Behind the Lyre: Ken Turner as an Adjudicator (Part 2)

On 21st August, we had the opportunity to speak with Ken Turner from ErgoSonic Percussion. In this interview, Ken shares his experience as an adjudicator of marching competitions.

The first part of this blog can be found here, and the third part of this blog will be posted on 25th September. Make sure to keep an eye on the BBICO News Page!

You’ve mentioned that you’ve been doing some adjudicator work over zoom recently. How did you get into that side of things in the first place?

When I first joined the Grenadiers, they were a competitive Drum and Bugle Corps. Wwhen I started teaching the corps, the membership had turned over quite a bit, and it had gone back to just about all new kids. So we had to rebuild. When we competed, sometimes we would do well, and at other times, our inexperience showed. Invariably, we always ended up listening to adjudicator comments on our performance and meeting with them to receive feedback. In any good adjudication system, an adjudicator not only decides what the results are, but they provide the sort of feedback that every group needs to improve. That’s really the value in it. Right from the beginning, it was clear to me that these were people who could be a tremendous resource. they could help me be a better teacher. They could help our group improve.

Over the years, I decided that I wanted to become an adjudicator. After a few years of teaching, I decided to pursue membership in the New York State Chapter of the All American Drum and Bugle Corps and Band Association. I took the qualifying exam, and started my apprenticeship locally.

The Grenadiers Drum and Bugle Corps
The Grenadiers Drum and Bugle Corps [photo property of Ken Turner]

Did you receive any guidance from another adjudicator about becoming one yourself?

Yes. From a gentleman by the name of Truman Crawford. He was the Director of the United States Marine Drum and Bugle Corps, and who also happened to grow up in the area where I was living. The Grenadiers were in a competition in Baltimore, Maryland, where the US Marine Drum Corps had played an exhibition. After we performed, Truman came over to me, introduced himself and said that it was nice to see a group from his hometown doing well. Of course I knew who he was, and he had no idea who I was.

Crawford became an important advocate, supporter and mentor for me. He encouraged me to become a judge and recommended me to Don Angelica and Dr. Bernard Baggs. They were with DCI (Drum Corps International) at the time, and he suggested that I judge on the regional and national level. He and I ended up on several judging panels together, and he thought that I had done a good job. Truman, along with Bob Zazzara and Al Hallenbeck, both previous brass instructors of the Grenadiers, were also instrumental in getting me started in adjudication.

When I moved to Johnson City to take the job as K-12 Director of Music, I found that I didn’t really have time to teach other groups. I did have time to adjudicate though. That’s when my judging assignments started to expand. Before long I had the opportunity to judge all over the world. Its been very gratifying. Of course, you always hope that you can help by imparting some useful information for groups to take back and use to improve themselves. There’s no question that I have learned as much from my judging experience as I have imparted to those I’ve adjudicated.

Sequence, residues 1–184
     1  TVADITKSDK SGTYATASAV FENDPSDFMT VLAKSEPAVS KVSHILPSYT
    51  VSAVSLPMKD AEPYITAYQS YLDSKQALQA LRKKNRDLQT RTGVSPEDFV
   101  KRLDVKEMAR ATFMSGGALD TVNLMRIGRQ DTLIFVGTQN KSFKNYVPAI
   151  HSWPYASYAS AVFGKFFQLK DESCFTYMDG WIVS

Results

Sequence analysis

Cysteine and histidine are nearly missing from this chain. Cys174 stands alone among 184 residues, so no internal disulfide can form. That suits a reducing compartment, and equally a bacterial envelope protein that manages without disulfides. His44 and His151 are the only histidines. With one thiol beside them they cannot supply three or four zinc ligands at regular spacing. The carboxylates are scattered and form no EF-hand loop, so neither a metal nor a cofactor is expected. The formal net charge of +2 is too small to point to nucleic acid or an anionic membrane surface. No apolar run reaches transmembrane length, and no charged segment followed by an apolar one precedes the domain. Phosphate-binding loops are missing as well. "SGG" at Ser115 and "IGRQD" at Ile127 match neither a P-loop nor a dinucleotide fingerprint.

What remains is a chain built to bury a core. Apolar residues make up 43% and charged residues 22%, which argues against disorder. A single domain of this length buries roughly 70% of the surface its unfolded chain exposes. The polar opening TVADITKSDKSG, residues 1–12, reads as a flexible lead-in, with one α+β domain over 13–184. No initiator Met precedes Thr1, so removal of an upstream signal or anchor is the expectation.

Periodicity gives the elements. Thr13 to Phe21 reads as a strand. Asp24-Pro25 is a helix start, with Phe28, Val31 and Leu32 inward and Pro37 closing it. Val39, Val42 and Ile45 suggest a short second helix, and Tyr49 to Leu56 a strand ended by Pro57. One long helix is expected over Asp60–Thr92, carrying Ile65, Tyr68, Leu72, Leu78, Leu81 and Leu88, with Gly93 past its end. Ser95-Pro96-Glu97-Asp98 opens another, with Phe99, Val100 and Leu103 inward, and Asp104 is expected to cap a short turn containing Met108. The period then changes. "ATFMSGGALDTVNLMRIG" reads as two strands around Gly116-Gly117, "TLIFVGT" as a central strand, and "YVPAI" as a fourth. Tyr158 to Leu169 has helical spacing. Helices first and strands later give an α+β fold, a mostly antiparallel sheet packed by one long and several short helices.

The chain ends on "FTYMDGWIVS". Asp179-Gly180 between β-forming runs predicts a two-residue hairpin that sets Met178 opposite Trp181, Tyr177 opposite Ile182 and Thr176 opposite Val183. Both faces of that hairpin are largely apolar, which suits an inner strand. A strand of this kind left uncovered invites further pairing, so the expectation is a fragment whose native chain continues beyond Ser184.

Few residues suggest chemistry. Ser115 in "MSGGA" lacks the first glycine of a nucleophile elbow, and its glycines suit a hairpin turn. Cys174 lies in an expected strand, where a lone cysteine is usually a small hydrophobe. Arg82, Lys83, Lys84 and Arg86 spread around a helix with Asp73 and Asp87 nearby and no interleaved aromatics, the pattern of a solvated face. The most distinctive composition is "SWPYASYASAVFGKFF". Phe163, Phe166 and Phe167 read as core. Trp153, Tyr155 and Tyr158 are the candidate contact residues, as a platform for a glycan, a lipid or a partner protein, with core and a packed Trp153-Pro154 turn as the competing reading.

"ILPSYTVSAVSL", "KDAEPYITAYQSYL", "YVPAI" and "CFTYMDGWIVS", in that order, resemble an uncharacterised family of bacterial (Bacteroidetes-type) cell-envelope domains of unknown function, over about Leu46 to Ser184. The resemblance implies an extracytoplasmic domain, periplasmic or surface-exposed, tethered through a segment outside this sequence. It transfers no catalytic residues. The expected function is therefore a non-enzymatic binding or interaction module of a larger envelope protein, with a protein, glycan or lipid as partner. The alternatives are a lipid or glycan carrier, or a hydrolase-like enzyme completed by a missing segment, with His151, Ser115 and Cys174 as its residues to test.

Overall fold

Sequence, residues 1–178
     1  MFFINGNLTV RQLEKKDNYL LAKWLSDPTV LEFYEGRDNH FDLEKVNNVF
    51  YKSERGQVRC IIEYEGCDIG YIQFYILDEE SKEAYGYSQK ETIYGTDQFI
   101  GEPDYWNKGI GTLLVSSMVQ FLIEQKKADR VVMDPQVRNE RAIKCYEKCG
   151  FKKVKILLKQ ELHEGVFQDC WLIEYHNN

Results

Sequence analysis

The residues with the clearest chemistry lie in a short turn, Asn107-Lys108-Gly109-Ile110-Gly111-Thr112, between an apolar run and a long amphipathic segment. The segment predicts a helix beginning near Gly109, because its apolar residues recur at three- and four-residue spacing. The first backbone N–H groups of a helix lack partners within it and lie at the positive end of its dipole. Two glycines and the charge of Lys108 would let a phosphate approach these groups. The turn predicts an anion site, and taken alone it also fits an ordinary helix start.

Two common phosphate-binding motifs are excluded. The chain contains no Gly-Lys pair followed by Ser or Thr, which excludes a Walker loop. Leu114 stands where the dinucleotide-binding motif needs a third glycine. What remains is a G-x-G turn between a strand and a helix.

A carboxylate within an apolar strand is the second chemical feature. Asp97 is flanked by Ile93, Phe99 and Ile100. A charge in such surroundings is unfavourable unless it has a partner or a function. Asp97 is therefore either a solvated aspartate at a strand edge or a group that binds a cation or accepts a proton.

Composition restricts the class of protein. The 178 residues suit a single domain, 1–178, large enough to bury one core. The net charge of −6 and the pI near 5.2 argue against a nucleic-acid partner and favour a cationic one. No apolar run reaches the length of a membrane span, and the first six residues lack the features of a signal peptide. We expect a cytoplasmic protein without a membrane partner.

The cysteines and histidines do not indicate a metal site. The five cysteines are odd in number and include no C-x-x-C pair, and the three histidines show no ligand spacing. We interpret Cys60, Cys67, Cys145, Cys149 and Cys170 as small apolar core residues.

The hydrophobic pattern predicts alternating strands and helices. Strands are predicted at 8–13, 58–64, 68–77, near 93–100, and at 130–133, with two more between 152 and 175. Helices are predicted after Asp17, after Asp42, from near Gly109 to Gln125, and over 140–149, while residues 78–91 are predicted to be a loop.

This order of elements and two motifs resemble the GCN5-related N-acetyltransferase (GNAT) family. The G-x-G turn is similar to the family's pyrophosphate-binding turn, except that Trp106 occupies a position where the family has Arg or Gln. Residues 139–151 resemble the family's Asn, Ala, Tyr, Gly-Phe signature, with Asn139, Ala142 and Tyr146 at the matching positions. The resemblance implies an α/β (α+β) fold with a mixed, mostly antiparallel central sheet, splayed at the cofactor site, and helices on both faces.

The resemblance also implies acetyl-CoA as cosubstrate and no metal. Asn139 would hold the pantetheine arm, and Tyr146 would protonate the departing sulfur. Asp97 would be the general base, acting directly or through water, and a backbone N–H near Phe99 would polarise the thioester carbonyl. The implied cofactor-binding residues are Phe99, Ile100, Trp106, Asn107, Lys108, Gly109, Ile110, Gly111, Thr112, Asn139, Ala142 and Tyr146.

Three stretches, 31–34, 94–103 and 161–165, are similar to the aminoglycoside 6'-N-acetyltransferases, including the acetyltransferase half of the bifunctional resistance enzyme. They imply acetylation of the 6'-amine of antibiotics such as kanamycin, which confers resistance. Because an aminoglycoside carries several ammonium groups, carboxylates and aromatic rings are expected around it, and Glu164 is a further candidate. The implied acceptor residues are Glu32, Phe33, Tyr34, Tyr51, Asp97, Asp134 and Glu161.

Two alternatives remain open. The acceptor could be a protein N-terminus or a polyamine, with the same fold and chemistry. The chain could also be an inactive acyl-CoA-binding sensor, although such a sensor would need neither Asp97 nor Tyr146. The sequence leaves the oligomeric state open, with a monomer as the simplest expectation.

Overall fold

Is there anything that you always look for in an ensemble when you’re on a panel?

It depends on the judging system being used. Since various associations and local organizations may have slightly different evaluation methods. For instance, there are a few places in the US where the organization may be trying to encourage the development of fundamental playing skills. Or, perhaps, there may be locations where they’re developing a judging system that rewards the overall effectiveness and entertainment value of the production. As an adjudicator, you need to make sure that you understand what you’re evaluating and what they really want you to reward.

But no matter where I’ve been, there are always a couple of things that you judge. You always evaluate how well the group is performing what they’re doing. There needs to be an element of precision, of good fundamental playing technique, of performing properly with the instruments, and playing together as a cohesive ensemble. And you also evaluate what they are performing. The depth, complexity and challenges of the material and the ensembles ability to engage the audience. There’s also a difference between a group that plays as a collection of individuals and a group that plays as a single unit. You can hear it almost immediately. There also needs to be a collective understanding of what the spirit of the music is. The overall musical communication. Are they transmitting the essence of the material?